8. Working together, construct the following drawings at full scale: Three vertical sections cut through the clearing defined by the screen/grid. Two of these sections are cut parallel to the screen, one of the sections is to be constructed and assembled in alignment with the space/grid.
9A. Working together, construct a horizontal frame/screen extending from both sides of the vertical frame/screen.
9B. Working together, construct a plan located within each of the horizontal frame/screens
10A. Working together as a class, each of 8 groups will propose an intervention within the site. These interventions are relational; they at once crystallize the existing conditions and propose architectonic responses to the site. Each individual is responsible to construct the following drawings of the group’s intervention: one critical vertical section, one critical horizontal section, and one axonometric.
11. Working together as a class, each of 8 groups will LOCATE A BODY OR BODIES within the site. Each intervention will ‘create a situation’ of inhabitation within the site. These interventions will be proposed within the site-specific plans, sections and constructions as well as in multiple drawings prepared by each group. Each individual is responsible to construct the following drawings of the group’s intervention: one critical vertical section, one critical horizontal section, and one axonometric.
End of Year Exhibitions 2010-11: Architectonics, Spring 2011
ARCHITECTONICS - SPRING 2011
Professors Lebbeus Woods, Aida Miron, Anthony Titus, Uri Wegman
This semester we focused on the design of four Houses, which we term ‘ideal’ because each occupies a different elemental volume—cube, cylinder, cone, or pyramid—and each embodies a program of habitation based on a different natural element—earth, air, fire, or water. Furthermore, the inhabitants of each House are assumed to be ‘ideal,’ in the sense that they embody, for our purposes, only certain universal human characteristics, such as physical size, capabilities of movement, perception of their environment, and interaction with it. The site of each of the four Houses is also ideal, meaning sloped or flat, horizontal or vertical, and disregards any inherently idiosyncratic features. In the design of each House, equal emphasis was placed on the interior and exterior of its volume. In taking this approach, we realized that these ideal types exist only as ideas, yet found these ideas useful in the laboratory of the design studio as a means of understanding the fundamental tectonic elements of architecture.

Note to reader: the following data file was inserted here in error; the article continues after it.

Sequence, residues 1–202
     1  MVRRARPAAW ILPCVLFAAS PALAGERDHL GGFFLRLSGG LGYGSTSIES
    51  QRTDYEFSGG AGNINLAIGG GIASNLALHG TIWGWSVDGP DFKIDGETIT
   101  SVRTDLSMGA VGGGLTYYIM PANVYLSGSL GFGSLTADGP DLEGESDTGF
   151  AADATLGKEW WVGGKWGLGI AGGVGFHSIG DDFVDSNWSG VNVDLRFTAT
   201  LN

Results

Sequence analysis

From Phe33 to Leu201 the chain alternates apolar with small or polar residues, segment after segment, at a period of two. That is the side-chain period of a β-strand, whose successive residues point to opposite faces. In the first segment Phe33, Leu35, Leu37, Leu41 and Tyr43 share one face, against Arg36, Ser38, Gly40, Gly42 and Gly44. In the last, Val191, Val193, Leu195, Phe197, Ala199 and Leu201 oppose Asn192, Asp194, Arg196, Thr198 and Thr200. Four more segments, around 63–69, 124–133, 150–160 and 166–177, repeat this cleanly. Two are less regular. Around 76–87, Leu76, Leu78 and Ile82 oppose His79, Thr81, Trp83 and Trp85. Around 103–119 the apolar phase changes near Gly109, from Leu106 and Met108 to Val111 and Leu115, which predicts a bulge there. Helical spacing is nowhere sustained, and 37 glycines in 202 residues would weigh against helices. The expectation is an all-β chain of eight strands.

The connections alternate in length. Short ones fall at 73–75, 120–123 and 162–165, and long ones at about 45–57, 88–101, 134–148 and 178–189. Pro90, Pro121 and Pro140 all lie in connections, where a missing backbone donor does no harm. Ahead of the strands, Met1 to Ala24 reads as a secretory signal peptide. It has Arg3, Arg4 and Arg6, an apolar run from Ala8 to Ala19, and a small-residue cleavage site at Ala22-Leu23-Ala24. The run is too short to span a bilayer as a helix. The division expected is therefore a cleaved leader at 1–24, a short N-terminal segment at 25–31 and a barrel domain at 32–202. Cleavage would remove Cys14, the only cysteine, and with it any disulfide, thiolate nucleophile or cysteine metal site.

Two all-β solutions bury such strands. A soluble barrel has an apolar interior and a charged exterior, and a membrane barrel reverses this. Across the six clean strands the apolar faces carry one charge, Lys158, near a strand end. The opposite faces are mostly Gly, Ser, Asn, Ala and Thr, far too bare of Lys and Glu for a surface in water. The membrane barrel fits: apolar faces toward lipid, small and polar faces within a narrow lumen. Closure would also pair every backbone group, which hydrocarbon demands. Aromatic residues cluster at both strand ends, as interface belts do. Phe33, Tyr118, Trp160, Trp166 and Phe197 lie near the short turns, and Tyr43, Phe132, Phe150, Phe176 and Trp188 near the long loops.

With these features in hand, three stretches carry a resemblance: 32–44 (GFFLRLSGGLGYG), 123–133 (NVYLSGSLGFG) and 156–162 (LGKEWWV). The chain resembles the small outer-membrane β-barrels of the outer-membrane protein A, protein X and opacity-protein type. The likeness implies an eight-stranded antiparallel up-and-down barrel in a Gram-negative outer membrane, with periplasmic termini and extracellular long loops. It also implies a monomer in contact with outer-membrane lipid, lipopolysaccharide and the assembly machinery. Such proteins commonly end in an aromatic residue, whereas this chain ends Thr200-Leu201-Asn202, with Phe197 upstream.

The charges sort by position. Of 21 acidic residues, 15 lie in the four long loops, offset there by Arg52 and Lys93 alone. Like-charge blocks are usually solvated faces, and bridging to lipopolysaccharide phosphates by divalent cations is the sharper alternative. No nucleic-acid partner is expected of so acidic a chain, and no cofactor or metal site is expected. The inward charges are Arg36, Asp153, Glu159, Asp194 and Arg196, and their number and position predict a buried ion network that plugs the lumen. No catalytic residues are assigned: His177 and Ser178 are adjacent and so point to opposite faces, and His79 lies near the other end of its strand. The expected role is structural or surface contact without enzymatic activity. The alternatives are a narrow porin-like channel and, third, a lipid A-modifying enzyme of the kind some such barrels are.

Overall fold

There is considerable historical precedent for our project. We found ideal architecture—of exactly the sort we are engaging—in examples from Vitruvius, through Alberti and Da Vinci, Ledoux, Semper, Taut and Le Corbusier, Archigram, leading up to the present in ideal projects by Hadid and Holl.
Method: We arrived at the designs of the Four Ideal Houses by a series of steps or stages, working both individually and in four teams, one for each House. As the design of each House progressed, it evolved from the ideal forms of its beginnings to the particular forms of its development and conclusion. If we assume, for example, that the House of earth has the form of a cube, we can expect that its ‘earth-like’ material stability will resist any changes made to the volume; yet, human inhabitation requires changes, for example in the need for openings for entering and exiting the cube, and letting in light and air. This transformation is, in itself, considered a next higher level of the ideal, in that it embodies a fundamental aspect—a continual evolution in time—of both the human and natural worlds.
Collaboration and teamwork: Each of us approached this project with our own aspirations, our own ideals of architecture. It was crucial that, even when we worked in a tightly knit team, we kept our own personal ideals and goals in mind. Teamwork is at its best when individuals who are clear about what they want to achieve collaborate. Collaboration is never a compromise of what each believes, but rather a reinforcement of the most important aspects of it by the similar ideas of other team members. Achieving successful design collaborations was one of our goals this semester.
Human scale: We emphasized in our work the attainment of human scale for our projects. Human scale, in even uninhabited architecture, is attained in two basic ways: 1) the presence of tectonic elements required by human use—stairs, windows, doors and other elements that facilitate human use of spaces; 2) the presence of tectonic elements used to construct a building—its walls, ceilings, floors and other elements defining and articulating spaces. Buildings are constructed of many parts and pieces put together by human beings, and the pieces are sized accordingly.